The time has come when racial discrimination in the north should be put aside and all our citizens who obey the laws and help to build up a better country may be treated with equality. Many of the settlements in the north could be improved by the provision of graded roads, ditches, sidewalks, better water supplies, and sanitary arrangements; in other words a general tidying-up. It would be an opportune time to provide these facilities so that the natives could improve their

communities and at the same time work for wages to supplement their incomes from trapping.

As I have said before, in districts where roads, airfields and weather stations and other projects have been or are being built a greater proportion of native people should be engaged on the work, as many of them are good mechanics and operators and they should be given every encouragement to acquire and practise trades.

A new era is dawning for the north. It is going to be opened and its resources developed, and the pace is going to be accelerated. Therefore let us see that the native inhabitants also benefit from these developments. We must help them wisely and sympathetically to adapt themselves to these changed conditions, and we must provide better hospital and medical care. We must also see that the game, wildlife and forest resources of the north are properly managed and protected. Do we know as much about these resources as we should? Do we know why the game and fur have been so depleted in certain areas? Have we figured out how to improve this situation? I would ask the government these questions. The mines and settlements in the Yukon and Mackenzie river districts look to the forests for building logs, lumber and fuel. The forests give protection to watersheds and wildlife; therefore our forest resources must be adequately protected and managed for they are vitally essential to the economic life of the northland.

At this time I wish to thank the right hon. Minister of Agriculture (Mr. Gardiner) for the attention being given food production in the Yukon and Mackenzie river districts. As you know, we pay heavy freight rates on food products and other commodities brought in from the outside. Therefore if we can produce some of the staples within the northland, we add to the prosperity of the people.

All along the Yukon and along the mighty Mackenzie are scores of settlements which buy meats, flour, butter, lard and the many products of the farm. All must come in at great cost to the consumer. At Fort Simpson, Northwest Territories, there is an experimental farm operated by the Department of Agriculture; but long before it was established the Roman Catholic mission there had conducted a successful farm like any farm one would see in the Ottawa valley. This farm has been in operation for nearly sixty years, and has been engaged in dairying, and the production of pigs, poultry and grain.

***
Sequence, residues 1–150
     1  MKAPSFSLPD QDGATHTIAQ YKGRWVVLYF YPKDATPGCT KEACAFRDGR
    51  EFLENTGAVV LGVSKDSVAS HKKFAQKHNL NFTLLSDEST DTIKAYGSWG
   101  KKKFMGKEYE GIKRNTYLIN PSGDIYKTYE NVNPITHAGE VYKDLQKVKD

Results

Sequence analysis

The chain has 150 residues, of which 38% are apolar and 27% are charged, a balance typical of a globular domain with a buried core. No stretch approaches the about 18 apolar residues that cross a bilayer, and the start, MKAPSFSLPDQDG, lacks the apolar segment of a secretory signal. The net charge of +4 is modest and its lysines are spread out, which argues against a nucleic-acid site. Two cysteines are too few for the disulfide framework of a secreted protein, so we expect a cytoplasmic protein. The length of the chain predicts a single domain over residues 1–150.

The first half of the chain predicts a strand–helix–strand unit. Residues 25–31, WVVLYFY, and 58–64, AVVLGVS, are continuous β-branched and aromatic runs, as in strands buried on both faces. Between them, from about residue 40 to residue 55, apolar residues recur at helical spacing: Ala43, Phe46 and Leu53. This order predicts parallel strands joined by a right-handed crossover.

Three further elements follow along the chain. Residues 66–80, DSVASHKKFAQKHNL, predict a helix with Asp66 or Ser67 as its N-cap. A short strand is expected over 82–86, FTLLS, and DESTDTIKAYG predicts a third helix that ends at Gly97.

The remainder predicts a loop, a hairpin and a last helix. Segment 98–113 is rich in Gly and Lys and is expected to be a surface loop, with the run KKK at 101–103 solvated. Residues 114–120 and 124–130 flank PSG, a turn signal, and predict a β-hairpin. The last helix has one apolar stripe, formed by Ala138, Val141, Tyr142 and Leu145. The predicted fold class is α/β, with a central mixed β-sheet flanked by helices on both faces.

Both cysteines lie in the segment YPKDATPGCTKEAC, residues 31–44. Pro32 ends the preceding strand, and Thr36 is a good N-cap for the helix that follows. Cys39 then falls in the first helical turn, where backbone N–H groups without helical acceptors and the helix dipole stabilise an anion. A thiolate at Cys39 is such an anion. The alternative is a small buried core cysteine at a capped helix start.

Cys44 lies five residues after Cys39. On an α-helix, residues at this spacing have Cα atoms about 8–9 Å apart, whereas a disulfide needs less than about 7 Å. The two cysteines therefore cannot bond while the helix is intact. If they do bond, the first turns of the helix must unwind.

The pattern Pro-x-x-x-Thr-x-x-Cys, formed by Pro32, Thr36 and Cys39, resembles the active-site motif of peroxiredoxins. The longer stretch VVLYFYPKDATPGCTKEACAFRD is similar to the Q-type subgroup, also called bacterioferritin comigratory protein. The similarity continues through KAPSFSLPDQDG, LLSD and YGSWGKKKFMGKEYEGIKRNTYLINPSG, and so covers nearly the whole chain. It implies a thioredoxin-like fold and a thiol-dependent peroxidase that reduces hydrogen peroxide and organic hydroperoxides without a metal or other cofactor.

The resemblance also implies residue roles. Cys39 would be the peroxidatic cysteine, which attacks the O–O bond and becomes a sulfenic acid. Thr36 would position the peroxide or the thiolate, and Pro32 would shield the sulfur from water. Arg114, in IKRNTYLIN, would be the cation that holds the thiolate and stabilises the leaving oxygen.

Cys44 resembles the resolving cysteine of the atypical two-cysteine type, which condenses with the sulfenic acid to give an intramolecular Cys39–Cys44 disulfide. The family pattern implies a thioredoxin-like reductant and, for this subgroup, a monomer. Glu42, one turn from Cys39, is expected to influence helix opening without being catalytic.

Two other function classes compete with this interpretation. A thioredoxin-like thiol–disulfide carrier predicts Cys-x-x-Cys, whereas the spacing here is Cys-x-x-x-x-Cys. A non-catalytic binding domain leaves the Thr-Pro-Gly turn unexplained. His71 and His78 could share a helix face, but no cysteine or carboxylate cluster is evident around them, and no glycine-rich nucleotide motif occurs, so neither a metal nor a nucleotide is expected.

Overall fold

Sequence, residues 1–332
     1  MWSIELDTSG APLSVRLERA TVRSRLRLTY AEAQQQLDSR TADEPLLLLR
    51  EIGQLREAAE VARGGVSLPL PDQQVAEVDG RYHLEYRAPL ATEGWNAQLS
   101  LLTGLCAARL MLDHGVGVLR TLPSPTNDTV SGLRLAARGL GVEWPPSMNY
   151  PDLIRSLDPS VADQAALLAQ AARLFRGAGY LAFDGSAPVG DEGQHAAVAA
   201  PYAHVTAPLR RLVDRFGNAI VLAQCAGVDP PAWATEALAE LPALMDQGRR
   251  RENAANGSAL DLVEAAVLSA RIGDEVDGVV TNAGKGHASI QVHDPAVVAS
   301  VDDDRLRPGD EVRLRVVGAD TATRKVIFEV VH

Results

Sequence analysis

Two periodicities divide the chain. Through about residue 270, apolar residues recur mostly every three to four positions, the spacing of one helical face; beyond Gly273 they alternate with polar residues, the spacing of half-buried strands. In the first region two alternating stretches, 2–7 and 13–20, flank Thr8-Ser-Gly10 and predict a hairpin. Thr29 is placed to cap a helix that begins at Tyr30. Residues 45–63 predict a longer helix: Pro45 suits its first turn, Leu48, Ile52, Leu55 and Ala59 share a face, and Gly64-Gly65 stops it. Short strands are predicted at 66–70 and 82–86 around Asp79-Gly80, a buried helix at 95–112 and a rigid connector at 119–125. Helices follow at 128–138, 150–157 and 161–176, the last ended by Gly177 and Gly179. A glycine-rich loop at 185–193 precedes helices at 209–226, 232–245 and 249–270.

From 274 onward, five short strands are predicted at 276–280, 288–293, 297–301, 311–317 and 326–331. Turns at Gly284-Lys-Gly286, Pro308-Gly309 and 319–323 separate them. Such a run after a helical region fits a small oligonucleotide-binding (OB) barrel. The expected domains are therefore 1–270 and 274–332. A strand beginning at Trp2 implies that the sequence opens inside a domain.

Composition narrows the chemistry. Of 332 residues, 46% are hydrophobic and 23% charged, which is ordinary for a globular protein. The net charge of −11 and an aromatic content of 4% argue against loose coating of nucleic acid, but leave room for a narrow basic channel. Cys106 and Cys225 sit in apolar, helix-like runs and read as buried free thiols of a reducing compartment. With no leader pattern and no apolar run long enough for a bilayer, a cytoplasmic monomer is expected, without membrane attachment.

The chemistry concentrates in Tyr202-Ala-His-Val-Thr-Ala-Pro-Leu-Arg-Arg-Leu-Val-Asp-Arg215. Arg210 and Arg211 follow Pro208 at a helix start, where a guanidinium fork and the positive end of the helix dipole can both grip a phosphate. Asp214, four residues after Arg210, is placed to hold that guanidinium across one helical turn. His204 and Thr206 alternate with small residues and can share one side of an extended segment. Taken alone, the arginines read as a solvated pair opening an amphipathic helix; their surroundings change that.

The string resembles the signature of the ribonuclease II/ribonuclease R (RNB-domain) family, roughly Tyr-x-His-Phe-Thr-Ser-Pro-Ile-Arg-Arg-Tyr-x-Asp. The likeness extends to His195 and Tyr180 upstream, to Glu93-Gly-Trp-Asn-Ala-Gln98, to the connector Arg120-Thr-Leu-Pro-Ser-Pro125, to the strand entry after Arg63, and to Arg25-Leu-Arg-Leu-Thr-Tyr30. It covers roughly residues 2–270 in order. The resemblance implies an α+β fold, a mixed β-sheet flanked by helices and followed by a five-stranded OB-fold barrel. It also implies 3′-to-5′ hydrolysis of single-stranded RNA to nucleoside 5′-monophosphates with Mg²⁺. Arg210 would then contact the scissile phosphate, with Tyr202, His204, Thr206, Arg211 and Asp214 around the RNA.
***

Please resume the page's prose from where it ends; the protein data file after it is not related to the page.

Yes, grain ripens there at Fort Simpson, junction of the Liard and Mackenzie rivers, north of the 61st parallel and slightly west of the 120th meridian. At Fort Good Hope,

slightly south of the Arctic circle, there are records of grain being matured; certainly there are fine potatoes and root crops, lettuce and many garden varieties.

At Aklavik in the Mackenzie river delta, within the Arctic circle the Anglican mission maintains a garden and has a few cows, a tractor, plows and other farm gear and has cultivated fields of oats-not always successfully but well enough to provide local fodder supplies for the livestock.

At Pine creek in the Yukon Territory, 100 miles northwest of Whitehorse on the Alaska highway, there is an experimental farm operated by the government. This farm was established a few years ago under the expert management of Mr. J. W. Abbott, formerly of Fort St. John, British Columbia. The first year, 1946, witnessed a very poor crop indeed -spuds the size of marbles, turnips all tops and no body, barley very short and poor, and oats a failure.

In 1947, the crop of potatoes was fairly good, showing improvement as the soil was opened to the sun and cultivation. In 1948 several hundred dollars' worth of garden stuff was sold to the local merchants in Whitehorse, besides keeping a good supply for the farm and employees. Now in 1949 Mr. Abbott is buying livestock for the farm which is producing hay, oats, root crops and vegetables and promises to be quite productive.

I do not say this is a ranching country, but if we can produce a tonnage of food there on the land one hundred miles northwest of Whitehorse and at various places along the Mackenzie river, what a benefit it will be to the economy of the north! At all events these experiments are revealing the possibilities and we are getting exact data on weather, hours of sunshine and soil conditions.

A number of farms have been successfully operated for some time on a small scale at other places in the north, such as at Yellowknife, Dawson, Stewart City and various other places in the Mackenzie river district and the Yukon. On the Pelly river a farm has been operated successfully for many years, and one year as much as 2,300 bushels of oats were harvested.